Then he should follow up with, "So, I retire in disgrace, and promise to never, ever, take a fee for a speaking engagement for the rest of my life, nor will I write a book in which I endeavor to reclaim my lost reputation. So, I say, for the last time, 'If you're disgusted with us, frankly I don't blame ya.'"
Or maybe he should say this.
Sunday, September 19, 2004
Here is a fabulous side-by-side comparison of the fake Rathergate documents and some authentic TexANG documents. The Washington Post is doing its job, unlike much of the rest of Old Media.
Of course, it will take a long time for Old Media to acknowledge that GIPs (Guys In Pajamas, as they were disparagingly referred to by CBS executive Jonathan Klein) might actually know something, and might even do a better job of ferreting out facts than they do. This morning's Chicago Tribune had a front page article on blogs, in which they made hay out of the shocking revelation that some bloggers - gasp - actually are conservative! Of course, they make no note at all of the fact that most Old Media types - including Dan Rather - are liberals, and have a long track record of voting Democratic, speaking at Democratic fundraisers, and giving money to Democrats running for office. Nor have they excoriated George Soros for giving millions of dollars to noxious groups like moveon.org, the way they did the Swift Vets for speaking out about John Kerry.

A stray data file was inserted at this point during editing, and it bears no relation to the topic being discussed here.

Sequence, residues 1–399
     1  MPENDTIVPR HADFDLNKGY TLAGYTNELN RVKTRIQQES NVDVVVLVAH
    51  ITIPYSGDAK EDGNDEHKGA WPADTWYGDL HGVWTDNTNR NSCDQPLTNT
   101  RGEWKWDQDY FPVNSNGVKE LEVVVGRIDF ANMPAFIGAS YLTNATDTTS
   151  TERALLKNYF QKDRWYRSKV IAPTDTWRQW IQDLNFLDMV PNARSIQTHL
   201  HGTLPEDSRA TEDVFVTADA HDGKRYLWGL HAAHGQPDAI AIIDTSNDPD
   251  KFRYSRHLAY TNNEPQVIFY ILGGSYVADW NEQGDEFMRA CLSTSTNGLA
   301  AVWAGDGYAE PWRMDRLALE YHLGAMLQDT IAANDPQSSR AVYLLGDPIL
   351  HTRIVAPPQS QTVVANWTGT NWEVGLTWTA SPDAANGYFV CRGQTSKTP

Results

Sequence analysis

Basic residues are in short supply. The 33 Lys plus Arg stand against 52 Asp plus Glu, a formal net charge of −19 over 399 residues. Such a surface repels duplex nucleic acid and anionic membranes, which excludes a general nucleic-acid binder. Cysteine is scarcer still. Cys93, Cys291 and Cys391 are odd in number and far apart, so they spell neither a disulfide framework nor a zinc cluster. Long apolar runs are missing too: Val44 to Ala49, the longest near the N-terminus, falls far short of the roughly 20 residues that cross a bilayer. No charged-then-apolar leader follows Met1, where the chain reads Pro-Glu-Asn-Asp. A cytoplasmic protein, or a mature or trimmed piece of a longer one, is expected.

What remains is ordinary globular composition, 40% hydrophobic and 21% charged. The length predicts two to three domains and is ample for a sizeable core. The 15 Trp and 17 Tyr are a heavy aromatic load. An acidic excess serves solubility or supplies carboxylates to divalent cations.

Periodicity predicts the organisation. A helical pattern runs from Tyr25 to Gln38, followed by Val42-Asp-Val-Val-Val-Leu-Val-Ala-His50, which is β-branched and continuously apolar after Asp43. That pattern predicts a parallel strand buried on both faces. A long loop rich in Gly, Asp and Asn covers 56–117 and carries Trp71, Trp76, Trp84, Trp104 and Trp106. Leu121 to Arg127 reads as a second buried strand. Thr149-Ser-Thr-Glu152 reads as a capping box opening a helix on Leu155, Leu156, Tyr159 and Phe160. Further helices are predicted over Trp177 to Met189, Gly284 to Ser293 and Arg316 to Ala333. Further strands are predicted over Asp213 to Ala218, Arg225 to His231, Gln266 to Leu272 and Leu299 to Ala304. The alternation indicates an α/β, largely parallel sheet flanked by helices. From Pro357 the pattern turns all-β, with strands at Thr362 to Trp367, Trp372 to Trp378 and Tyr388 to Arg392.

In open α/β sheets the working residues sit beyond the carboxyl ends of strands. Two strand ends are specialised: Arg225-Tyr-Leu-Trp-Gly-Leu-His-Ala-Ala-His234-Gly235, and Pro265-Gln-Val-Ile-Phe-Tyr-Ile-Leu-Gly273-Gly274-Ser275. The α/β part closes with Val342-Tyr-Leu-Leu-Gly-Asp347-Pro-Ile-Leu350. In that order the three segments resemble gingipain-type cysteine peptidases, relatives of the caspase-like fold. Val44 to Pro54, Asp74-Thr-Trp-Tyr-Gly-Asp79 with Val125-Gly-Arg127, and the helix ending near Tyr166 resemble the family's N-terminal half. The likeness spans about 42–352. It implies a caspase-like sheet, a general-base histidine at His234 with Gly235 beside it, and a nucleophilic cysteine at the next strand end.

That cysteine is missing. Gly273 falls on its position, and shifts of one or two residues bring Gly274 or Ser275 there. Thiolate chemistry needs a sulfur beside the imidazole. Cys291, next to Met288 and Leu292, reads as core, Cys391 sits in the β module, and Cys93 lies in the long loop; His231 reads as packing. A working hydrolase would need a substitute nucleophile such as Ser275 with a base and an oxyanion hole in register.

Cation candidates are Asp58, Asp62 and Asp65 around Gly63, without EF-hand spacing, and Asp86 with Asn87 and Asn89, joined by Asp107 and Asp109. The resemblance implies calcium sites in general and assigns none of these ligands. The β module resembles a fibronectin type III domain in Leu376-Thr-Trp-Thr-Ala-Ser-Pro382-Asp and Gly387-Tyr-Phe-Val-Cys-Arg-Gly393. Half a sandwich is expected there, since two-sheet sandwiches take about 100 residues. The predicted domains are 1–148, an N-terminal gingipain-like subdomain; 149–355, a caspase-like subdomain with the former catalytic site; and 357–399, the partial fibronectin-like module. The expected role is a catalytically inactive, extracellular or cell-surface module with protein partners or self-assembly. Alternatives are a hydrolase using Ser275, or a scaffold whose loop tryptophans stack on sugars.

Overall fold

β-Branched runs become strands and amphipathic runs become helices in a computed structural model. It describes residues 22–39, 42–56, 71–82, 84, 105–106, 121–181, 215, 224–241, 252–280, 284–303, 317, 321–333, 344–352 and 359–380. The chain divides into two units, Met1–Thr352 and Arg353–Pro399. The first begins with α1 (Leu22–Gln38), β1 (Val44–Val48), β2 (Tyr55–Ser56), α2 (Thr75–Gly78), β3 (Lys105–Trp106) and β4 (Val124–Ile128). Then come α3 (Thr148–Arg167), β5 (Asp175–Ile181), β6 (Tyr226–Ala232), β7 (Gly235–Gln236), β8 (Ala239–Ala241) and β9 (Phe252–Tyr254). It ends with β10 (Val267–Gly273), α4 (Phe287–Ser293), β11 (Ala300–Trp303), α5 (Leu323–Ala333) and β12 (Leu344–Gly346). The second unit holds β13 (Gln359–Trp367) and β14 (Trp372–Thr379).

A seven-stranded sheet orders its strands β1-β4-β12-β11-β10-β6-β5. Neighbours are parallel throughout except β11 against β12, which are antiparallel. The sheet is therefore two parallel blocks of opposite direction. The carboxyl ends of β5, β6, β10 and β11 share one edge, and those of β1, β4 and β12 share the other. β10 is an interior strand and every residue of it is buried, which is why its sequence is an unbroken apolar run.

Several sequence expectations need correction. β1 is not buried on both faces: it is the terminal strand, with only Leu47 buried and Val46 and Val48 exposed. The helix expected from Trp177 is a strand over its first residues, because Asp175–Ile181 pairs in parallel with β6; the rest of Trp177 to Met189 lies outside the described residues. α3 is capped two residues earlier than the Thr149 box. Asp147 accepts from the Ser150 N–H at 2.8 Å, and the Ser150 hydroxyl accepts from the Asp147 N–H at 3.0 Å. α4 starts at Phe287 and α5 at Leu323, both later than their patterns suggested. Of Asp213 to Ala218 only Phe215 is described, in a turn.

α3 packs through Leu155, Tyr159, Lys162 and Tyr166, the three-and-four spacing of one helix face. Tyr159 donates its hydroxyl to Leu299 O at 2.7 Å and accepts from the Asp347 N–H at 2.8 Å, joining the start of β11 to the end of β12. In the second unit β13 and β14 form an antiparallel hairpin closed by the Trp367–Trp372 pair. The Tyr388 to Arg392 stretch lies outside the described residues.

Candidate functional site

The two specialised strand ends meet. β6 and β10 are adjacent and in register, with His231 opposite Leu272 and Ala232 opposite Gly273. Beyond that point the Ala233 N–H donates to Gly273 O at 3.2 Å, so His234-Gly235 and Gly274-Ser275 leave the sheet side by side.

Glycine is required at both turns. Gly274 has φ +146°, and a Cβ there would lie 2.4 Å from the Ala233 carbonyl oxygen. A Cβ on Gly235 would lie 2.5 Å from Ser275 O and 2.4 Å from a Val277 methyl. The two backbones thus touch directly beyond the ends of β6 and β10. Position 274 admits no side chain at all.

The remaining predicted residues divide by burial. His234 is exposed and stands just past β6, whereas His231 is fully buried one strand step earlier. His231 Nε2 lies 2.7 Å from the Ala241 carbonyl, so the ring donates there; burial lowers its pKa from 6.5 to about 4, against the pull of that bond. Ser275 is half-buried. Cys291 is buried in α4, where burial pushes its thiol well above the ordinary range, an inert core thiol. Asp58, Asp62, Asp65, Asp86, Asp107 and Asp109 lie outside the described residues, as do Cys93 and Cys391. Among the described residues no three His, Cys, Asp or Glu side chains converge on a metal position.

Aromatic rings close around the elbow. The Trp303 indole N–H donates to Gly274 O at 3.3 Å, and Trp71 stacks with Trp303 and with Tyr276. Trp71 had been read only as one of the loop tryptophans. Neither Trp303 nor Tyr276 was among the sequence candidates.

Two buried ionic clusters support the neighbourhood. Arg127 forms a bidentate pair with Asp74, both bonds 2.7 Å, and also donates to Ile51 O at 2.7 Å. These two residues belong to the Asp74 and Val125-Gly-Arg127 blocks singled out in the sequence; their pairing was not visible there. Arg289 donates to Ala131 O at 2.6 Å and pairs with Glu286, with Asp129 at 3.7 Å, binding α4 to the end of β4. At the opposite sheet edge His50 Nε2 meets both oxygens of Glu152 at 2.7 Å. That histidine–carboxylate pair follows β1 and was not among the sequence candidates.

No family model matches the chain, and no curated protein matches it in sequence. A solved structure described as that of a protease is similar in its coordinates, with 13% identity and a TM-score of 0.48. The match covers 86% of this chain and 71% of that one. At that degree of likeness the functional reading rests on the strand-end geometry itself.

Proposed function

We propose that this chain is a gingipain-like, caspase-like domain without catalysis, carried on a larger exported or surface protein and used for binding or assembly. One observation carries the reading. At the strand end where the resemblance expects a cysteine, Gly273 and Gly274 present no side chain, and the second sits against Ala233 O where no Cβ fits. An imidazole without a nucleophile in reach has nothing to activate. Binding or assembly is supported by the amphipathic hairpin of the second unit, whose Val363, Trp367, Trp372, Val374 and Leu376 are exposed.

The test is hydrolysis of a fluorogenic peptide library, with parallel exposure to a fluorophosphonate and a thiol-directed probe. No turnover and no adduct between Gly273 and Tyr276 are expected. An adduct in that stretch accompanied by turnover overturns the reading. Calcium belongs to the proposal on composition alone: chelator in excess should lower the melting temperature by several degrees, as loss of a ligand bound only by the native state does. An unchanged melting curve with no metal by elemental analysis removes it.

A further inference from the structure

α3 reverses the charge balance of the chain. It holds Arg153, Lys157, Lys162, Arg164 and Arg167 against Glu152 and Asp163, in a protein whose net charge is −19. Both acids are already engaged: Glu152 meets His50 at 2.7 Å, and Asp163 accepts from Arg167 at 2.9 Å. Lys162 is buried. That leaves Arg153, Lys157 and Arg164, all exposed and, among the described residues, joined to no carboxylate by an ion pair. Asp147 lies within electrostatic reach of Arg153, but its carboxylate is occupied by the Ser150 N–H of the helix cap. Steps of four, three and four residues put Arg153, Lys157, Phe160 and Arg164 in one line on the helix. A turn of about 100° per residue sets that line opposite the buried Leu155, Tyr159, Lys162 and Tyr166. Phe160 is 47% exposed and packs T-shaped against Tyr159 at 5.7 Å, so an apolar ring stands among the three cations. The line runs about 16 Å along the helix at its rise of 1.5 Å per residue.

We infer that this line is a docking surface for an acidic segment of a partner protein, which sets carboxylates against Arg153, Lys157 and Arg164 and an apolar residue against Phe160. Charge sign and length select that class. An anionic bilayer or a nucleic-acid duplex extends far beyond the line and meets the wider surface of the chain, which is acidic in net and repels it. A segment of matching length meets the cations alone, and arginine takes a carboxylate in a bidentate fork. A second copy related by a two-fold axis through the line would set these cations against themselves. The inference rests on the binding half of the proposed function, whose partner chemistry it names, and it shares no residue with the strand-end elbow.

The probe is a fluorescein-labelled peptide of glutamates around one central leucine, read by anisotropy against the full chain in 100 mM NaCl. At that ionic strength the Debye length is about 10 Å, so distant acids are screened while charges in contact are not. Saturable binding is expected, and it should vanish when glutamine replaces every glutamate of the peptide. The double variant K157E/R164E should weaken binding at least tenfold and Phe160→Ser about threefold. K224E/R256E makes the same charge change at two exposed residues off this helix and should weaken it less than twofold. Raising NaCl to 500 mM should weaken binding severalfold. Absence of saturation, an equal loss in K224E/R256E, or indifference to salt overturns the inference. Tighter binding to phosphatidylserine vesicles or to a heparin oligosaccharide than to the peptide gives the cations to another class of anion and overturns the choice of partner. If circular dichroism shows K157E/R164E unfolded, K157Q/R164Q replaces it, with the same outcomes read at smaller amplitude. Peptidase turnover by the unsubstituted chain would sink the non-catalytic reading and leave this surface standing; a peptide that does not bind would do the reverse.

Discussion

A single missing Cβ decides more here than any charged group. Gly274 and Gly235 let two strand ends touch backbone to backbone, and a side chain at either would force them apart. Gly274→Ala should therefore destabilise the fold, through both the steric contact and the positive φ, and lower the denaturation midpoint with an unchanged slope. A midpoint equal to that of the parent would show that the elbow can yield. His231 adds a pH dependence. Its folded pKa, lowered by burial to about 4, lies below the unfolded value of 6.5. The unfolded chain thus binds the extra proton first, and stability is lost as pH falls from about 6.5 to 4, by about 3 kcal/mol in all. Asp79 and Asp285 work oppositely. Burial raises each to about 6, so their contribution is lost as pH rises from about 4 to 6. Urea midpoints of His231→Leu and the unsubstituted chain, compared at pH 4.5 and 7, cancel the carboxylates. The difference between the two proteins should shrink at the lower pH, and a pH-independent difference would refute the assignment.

In the end, the bias of Old Media may end up being irrelevant. The blogosphere will become the much-needed system of checks and balances that is needed for a free press. Certainly, in this case, it's obvious that the blogosphere did a far better job of fact-checking and research than CBS.
Here's a good explanation of why the blogosphere works so well, based on F. A. Hayek's economic model of the efficiencies of decentralization. Since there's nothing more decentralized than blogs on the Internet, is it possible that there's nothing more efficient than the blogosphere for information seeking and sharing? (Credit to Instapundit for linking to the first and third articles linked here.)
Kerry. Pathetic. Geez, I think I could throw a football better than this.
And here are some other things: He called Lambeau Field "Lambert" field. Oh. My. Gosh. Is he really as clueless as he appears to be?!? He might have lost Wisconsin just for that boneheaded remark.
On the other hand, if you want to see a man who actually knows something about sports, here's a clip from a new HBO Documentary, "Nine Innings from Ground Zero", about the 2001 New York Yankees. The clip showcases President Bush throwing out the first pitch in Game Three of the World Series - a perfect pitch, I might add, unlike Kerry's pathetic bouncer in Fenway Park for which he was booed in his own hometown.
Saturday, September 18, 2004